[Gretel Bosch; fourth entry.]
May 28, 2006
I would guess there's a certain official embarrassment present whenever a fire station is burned down by arson. (And how often can that possibly happen?)
Of the town's three qualified arson investigators, two died inside the Diluvian Street Firehouse. The third, Dirk-Pieter Blackgall, declared it an accident, and released a report presenting what some felt was an implausibly complicated narrative. Then-Mayor Calliope Geert called it "a bizarre fantasy describing a whimsically sustained and politically convenient freak accident". (But only in her private notes, which I've got in front of me.)
Since it's just me and me here, I'll never bullshit, lie, evade or prevaricate on these pages. I'll probably never be entirely sober, either, unless they stop making Scotch.
So this isn't verified fact, just my private theory: I think Blackgall arranged for a small fire in the lockers at the station; some simple timing device. How would he know a trainee would unlimber the nearest hose instead of using an extinguisher? No idea. But I'm close to 100% that the main fire was ignited by six kilos of sodium hydroxide pellets reacting exothermically with the water. I think it was six. That's the figure I remember.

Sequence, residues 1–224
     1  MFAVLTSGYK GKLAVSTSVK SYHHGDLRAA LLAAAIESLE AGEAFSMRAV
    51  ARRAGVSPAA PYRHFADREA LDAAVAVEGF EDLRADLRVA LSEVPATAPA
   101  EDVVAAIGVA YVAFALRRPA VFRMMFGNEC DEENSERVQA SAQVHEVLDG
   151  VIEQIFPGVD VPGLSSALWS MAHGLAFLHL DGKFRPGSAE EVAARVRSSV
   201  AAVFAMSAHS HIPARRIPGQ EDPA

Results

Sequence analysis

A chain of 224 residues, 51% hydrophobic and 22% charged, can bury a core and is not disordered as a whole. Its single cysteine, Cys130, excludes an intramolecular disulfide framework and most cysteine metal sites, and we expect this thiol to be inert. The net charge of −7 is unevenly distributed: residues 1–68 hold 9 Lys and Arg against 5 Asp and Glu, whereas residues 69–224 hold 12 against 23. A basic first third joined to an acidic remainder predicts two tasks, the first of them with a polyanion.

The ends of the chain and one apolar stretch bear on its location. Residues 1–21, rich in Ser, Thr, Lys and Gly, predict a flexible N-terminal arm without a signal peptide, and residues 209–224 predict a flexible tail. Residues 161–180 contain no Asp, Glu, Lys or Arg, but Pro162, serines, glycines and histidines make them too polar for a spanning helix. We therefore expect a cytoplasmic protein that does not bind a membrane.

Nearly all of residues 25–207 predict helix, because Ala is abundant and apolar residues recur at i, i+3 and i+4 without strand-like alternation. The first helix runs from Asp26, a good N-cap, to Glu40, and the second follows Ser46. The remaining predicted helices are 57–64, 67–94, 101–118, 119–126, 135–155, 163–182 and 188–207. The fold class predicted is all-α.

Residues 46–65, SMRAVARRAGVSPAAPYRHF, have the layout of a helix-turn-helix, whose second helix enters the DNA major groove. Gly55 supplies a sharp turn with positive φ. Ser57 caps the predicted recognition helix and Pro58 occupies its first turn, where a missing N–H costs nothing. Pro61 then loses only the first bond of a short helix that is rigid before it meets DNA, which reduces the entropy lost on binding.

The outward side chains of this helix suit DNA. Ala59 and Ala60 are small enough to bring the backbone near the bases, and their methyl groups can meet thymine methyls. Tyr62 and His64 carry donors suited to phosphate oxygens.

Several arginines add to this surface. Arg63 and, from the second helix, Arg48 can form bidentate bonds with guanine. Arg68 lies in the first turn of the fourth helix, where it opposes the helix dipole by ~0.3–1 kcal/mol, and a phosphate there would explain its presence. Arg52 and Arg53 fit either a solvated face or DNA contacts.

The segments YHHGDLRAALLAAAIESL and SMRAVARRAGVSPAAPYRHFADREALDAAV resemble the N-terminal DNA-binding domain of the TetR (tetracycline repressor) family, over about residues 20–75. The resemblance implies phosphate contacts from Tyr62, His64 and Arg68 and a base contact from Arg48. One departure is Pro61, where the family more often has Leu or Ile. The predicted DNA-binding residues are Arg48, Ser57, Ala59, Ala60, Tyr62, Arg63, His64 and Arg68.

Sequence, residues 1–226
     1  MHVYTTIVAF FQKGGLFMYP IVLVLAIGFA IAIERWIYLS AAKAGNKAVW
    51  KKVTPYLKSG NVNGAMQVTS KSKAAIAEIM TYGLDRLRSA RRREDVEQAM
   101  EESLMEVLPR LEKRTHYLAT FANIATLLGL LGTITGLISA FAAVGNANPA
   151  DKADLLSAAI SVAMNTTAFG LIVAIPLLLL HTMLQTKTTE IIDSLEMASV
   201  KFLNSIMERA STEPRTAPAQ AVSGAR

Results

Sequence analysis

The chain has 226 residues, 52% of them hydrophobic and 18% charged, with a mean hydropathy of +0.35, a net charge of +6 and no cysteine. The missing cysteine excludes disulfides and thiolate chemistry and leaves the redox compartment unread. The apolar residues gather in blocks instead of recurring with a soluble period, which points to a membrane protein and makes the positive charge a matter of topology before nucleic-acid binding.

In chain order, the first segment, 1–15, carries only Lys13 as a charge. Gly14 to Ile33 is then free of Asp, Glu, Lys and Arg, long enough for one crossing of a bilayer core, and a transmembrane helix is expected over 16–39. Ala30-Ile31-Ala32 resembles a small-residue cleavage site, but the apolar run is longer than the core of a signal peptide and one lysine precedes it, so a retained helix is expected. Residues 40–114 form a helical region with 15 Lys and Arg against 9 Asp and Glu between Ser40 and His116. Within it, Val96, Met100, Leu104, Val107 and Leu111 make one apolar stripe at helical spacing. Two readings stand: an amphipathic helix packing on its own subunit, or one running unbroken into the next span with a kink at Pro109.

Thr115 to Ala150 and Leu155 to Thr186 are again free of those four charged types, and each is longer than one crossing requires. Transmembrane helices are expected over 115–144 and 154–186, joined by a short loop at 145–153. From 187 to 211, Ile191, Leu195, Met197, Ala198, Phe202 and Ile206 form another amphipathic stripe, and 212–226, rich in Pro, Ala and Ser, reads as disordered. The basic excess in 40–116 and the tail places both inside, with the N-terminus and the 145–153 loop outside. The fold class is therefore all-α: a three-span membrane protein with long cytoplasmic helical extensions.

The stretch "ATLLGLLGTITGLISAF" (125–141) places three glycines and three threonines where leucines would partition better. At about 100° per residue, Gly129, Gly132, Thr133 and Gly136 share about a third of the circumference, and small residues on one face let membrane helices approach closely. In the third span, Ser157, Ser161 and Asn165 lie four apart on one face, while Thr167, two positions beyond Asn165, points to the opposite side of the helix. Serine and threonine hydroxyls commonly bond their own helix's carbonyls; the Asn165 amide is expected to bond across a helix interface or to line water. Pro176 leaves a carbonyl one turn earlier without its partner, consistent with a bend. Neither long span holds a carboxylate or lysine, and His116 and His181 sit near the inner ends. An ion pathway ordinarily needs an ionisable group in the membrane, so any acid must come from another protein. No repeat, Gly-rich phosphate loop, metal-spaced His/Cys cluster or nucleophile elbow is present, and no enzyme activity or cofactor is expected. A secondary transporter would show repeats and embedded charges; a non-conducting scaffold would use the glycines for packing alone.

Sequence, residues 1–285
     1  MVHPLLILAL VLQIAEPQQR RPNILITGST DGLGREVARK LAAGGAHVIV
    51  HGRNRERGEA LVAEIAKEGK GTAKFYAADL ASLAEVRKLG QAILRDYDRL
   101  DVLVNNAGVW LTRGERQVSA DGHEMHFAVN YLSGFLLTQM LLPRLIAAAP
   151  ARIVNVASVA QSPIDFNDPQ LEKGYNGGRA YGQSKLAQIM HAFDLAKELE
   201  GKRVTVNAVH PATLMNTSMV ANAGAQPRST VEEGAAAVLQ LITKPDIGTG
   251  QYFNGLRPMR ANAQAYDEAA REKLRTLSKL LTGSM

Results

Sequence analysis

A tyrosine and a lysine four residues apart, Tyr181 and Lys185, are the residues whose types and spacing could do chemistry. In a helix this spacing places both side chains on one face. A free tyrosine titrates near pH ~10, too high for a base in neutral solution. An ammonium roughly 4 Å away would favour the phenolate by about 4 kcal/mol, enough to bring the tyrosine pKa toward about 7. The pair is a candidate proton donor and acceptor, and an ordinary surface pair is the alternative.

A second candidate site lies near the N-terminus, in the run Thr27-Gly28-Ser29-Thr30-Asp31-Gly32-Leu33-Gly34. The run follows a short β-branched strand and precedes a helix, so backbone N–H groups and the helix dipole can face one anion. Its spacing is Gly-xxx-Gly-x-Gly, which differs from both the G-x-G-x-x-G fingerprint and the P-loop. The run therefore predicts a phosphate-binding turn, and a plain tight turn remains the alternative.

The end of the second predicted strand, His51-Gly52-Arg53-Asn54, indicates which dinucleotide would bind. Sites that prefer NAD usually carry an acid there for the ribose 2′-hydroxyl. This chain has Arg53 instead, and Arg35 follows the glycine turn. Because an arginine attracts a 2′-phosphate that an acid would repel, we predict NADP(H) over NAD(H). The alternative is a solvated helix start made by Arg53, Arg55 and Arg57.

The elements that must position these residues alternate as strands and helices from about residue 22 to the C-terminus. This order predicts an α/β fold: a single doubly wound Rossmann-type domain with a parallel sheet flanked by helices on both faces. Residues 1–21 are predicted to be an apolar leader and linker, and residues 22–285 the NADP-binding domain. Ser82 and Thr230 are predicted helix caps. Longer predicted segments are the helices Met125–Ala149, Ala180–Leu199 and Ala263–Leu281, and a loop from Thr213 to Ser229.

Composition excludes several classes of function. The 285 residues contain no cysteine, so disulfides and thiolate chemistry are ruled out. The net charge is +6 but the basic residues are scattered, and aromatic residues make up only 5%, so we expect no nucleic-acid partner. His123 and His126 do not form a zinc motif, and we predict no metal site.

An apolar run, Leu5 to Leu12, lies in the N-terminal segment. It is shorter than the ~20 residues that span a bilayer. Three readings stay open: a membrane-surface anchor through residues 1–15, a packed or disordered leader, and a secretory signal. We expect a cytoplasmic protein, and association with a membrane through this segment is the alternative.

I was already packed for my vacation, but forgot all about the Paris catacombs when I heard about the fire on the radio. I could hardly wait for Dorn to do his autopsies and let me collect the bodies (most of the guys at Diluvian were pre-arranged with us; Bosch & Sons always gave a great discount to firehouses).
DFD Lt. Briden still had a tempered glass butt plug in his half-cooked rectum when I got him. I think that's when I began to suspect M.E. Dorn was getting sloppy in his old age.
RIP, Ursula K. Le Guin - The book I bought this weekend. The title is all too on point today. pic.twitter.com/Y4uAUGRdPR — John Scalzi (@scalzi) January 24, 2018 I’ve written a rem...
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